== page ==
Medicare beneficiaries can expect to shell out a greater percentage of their income for out-of-pocket health costs in the future, according to a new study by the non-partisan Kaiser Family Foundation.
The study, released Friday, predicts that by 2030, 42 percent of traditional Medicare beneficiaries nationwide will spend at least 20 percent of their income on health costs. The study found that 36 percent of traditional Medicare beneficiaries spent at least 20 percent of their income on health costs in 2013.
“The financial burden of health care can be especially large for some beneficiaries, particularly those with modest incomes and significant medical needs,” said the study, titled “Medicare Beneficiaries Out-of-Pocket Health Care Spending as a Share of Income Now and Projections for the Future.”
The breakdown for California or other states was not included. California has 5.6 million Medicare beneficiaries – the most of any state.
Medicare, which covers 59 million people nationwide, is the federal health insurance program for people who are 65 and older as well as some younger people with disabilities and end-stage renal disease. It is funded by a payroll tax and is for people who have worked and paid into the system.
Jen Flory, a health policy advocate for the Western Center on Law & Poverty in Sacramento, said she wasn’t surprised by the study’s findings about rising out-of-pocket costs.
“Many lower and middle-income people have a hard time affording costs associated with Medicare, particularly those who don’t qualify for dual eligibility with Medi-Cal,” she said. Medi-Cal is the name in California for the federal Medicaid program, which funds low-income residents.
People covered by Medicare must still use their own money for premiums, deductibles and cost-sharing. Many services are not covered, including long-term care, most dental care, eye exams and hearing aids.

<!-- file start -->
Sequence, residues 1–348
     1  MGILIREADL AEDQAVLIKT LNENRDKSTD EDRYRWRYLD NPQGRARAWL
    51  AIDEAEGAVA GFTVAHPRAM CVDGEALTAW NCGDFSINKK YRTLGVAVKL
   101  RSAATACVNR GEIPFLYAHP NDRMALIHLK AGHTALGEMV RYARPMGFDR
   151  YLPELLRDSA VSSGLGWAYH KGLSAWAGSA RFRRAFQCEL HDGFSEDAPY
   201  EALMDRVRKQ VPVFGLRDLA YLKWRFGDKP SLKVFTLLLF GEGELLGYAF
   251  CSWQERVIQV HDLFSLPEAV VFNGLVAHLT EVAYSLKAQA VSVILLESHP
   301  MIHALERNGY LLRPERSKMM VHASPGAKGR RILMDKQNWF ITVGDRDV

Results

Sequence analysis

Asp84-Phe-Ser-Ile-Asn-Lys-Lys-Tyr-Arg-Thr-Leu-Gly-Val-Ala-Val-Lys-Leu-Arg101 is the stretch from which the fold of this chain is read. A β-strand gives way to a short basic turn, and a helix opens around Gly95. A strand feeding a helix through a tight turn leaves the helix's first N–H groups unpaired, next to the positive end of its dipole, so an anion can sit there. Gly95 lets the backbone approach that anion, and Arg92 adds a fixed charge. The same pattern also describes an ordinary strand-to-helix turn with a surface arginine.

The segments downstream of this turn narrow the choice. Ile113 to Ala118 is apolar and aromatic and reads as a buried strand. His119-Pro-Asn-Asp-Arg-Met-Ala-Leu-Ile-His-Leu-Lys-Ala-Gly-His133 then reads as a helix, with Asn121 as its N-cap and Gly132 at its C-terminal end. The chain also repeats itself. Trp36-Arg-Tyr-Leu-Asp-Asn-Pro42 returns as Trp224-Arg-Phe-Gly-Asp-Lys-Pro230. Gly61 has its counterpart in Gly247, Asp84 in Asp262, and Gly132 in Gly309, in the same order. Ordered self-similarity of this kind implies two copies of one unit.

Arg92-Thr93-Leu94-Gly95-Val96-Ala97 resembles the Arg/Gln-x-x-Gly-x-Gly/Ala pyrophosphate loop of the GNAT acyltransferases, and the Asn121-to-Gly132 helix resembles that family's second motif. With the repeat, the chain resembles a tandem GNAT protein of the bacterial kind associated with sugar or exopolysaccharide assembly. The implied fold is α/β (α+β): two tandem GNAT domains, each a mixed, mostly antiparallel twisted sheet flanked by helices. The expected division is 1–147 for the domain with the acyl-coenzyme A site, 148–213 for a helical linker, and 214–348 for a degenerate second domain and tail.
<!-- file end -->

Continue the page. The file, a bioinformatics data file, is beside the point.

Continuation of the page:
Because of skyrocketing health costs, Medicare has become less effective at keeping seniors out of poverty than it did in the past, Flory said. Proposals at the federal level to cut back on Medicare funding are particularly alarming, she said. “It goes back on a basic contract we have with Americans that if they pay into Medicare their whole working life, they will be taken care of later,” Flory said.
Anthony Wright, executive director of the California advocacy group Health Access, said the study highlights that even though people have insurance, they still end up with high costs.
“Medicare is a venerated and popular program because everybody knows they have some basic level of coverage but it actually has fairly high cost sharing,” he said. “People still end up with significant medical bills even as it does prevent against some of the worst bills.”
The Kaiser study also found that Medicare beneficiaries’ average out-of-pocket health care spending amounted to 41 percent of the average per-capita Social Security income in 2013. That percentage was even higher for women and people 85 and older.
Half of beneficiaries in traditional Medicare spent at least 14 percent of their per capita income on health costs in 2013, the study found. The burden of health costs was higher for people 85 and older, in poor health and with modest incomes.
Seniors have to make difficult choices about whether to buy supplemental Medicare insurance with higher premiums and more coverage or to get traditional Medicare with lower premiums but higher costs for services.
Tatiana Fassieux, board chair of California Health Advocates, a nonprofit focused on Medicare advocacy and education, is facing the higher out-of-pocket Medicare costs herself. She is 69 and lost half her income when she became a widow.
“I know that both for my lifestyle and just to keep my experiences going, I’m still working,” she said. “Many seniors are considering going back into the workforce just to afford increase health care costs.”
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